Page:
It is a subtly different wickedness than the kind the political theorist Hannah Arendt famously called "the banality of evil." For Arendt, evildoers like Adolph Eichmann carry out heinous acts because they accept the premises of their enterprise without question. Banal evil is an evil of bureaucracy rather than fanaticism or sociopathy.
Admittedly, there's probably some bureaucratic banality at work in the Googleplex. No large organization can avoid it. And, contra Arendt, bureaucratic evil can still be individually sociopathic; just think of the stories we've recently read about NSA agents abusing the access to information granted by the government's surveillance system to spy on love interests.
But when you consider Google's bad behavior, the choices that strike many as low are neither banal evils nor sociopathic ones. They are conducted in plain sight, as official service offerings. They are presented through magnanimity rather than savagery. When those choices seem underhanded to us, at odds with the motto "Don't be evil," they do so not because of the policies they entail, such as using your activity on the web as unauthorized endorsements for paid advertising. Those acts are par for the course, alas. All companies, particularly public ones, exist to maximize their own benefit. Google never claimed otherwise; even in 2004 "Don't be evil" mostly clarified that the company wouldn't sprint to short-term gains.
Rather, our discomfort is an expression of the dissonance between ours and Google's understandings of evil. Google has managed to pass off the pragmatic pursuit of its own ends as if it were the general avoidance of wickedness. It has invested those ends with virtue, and it has publicized the fact that anything good for Google is also good for society. This is a brazen move, and it's no wonder it takes us by surprise.
The dissonance arises from our failure to understand "evil" as a colloquialism rather than a moral harm. An evil is just a thing that will cause you trouble later on—an engineering impediment. These practical evils are also private ones. Google doesn't make immoral choices because moral choices are just choices made by Google. This conclusion is already anticipated in the 2004 IPO document, which glosses evil as the failure to do "good things." At least we're used to hearing "good" as an ambiguous term that can refer to capacity and validity as much as—and more often than—virtue.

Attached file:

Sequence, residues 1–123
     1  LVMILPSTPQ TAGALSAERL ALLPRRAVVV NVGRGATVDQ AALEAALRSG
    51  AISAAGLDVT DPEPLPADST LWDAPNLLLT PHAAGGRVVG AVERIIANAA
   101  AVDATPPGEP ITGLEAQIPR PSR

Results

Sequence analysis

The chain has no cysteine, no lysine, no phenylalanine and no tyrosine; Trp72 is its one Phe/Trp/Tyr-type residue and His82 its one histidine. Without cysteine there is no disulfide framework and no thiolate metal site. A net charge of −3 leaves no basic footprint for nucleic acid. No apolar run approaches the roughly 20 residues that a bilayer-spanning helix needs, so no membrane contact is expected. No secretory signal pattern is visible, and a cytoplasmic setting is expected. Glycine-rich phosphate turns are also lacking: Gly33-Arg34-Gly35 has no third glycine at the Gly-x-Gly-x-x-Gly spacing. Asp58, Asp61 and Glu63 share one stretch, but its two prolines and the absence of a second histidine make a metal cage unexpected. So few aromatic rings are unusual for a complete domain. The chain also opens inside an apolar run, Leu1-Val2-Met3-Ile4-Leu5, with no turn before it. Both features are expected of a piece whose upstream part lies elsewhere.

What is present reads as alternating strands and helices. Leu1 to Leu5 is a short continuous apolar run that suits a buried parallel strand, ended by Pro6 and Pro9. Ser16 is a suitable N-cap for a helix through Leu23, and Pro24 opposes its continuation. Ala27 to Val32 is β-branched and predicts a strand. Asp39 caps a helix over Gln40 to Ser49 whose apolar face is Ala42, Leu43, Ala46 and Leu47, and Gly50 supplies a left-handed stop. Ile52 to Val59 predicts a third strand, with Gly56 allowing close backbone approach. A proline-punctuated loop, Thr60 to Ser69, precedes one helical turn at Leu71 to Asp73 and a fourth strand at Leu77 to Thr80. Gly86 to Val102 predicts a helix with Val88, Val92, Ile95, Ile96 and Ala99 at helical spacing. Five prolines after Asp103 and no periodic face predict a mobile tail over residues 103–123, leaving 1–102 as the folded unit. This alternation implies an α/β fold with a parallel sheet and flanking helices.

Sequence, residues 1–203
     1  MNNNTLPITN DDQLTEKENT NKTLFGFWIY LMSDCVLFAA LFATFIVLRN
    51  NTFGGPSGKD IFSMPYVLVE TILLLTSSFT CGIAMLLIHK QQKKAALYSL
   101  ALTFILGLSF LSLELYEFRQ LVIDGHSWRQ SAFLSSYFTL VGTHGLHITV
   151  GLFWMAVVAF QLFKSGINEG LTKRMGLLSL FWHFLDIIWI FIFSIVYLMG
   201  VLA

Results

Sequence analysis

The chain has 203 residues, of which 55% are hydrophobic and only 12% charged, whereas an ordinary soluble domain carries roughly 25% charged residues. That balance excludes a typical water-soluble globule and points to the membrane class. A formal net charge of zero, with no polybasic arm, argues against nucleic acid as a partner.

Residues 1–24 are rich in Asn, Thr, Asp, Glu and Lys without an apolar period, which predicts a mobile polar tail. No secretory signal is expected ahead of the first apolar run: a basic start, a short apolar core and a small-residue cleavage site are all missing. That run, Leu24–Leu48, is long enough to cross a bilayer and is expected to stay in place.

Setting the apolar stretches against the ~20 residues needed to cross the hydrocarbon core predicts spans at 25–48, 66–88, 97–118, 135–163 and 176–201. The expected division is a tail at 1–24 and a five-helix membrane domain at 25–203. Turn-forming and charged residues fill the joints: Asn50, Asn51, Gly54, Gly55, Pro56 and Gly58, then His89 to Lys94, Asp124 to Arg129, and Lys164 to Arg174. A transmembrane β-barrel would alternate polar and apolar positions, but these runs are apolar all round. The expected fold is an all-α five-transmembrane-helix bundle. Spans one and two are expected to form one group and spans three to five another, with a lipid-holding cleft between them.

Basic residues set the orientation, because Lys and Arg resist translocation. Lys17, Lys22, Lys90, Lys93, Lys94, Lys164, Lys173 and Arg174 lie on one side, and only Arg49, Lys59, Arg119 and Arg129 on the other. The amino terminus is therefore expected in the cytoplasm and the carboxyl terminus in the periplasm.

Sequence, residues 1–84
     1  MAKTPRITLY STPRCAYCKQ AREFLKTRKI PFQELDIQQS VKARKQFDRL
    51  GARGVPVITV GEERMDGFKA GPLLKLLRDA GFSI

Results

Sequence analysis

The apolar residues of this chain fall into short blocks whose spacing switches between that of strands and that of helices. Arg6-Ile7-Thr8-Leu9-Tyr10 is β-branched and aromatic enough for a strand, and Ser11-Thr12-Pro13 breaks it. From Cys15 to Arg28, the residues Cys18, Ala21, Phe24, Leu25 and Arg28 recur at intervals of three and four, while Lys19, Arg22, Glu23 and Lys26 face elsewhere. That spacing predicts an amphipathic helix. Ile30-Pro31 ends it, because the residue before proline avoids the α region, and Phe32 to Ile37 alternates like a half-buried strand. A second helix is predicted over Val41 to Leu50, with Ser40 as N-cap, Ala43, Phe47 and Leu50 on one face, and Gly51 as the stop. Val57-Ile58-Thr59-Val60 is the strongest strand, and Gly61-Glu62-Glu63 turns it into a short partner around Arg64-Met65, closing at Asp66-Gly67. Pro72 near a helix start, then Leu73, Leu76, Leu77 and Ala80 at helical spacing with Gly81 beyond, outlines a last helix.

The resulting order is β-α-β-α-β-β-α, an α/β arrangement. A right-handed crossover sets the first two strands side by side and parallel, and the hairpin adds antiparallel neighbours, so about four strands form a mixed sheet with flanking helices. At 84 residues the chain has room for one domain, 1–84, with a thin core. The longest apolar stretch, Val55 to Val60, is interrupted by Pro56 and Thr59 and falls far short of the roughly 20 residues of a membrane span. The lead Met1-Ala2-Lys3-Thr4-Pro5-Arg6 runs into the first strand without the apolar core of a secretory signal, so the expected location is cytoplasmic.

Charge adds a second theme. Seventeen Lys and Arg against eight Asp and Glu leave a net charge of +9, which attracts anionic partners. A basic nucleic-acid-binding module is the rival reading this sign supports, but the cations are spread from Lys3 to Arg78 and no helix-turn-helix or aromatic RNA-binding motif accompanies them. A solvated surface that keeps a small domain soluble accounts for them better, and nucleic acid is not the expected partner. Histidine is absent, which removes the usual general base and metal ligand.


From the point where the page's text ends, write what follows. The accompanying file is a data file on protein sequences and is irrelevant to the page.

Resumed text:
Products and infrastructures eventually degrade, but ideas linger. This verbal frame shift might turn out to be one of Google's lasting legacies. Google Evil, you might call it: evil as counter-pragmatism, and as an official public policy. As a replacement for a moral compass.
This is what makes the whole matter seem so insidious: It's not that Google has announced its intention not to be vicious and failed to meet the bar. Nor is Google, Arendt-style, just manning its station, doing what's expected. No, through its motto Google has effectively redefined evil as a matter of unserviceability in general, and unserviceability among corporatized information services in particular. As for virtue, it's a non-issue: Google's acts are by their very nature righteous, a consequence of Google having done them. The company doesn't need to exercise any moral judgement other than whatever it will have done. The biggest risk—the greatest evil—lies in failing to engineer an effective implementation of its own vision. Don't be evil is the Silicon Valley version of Be true to yourself. It is both tautology and narcissism.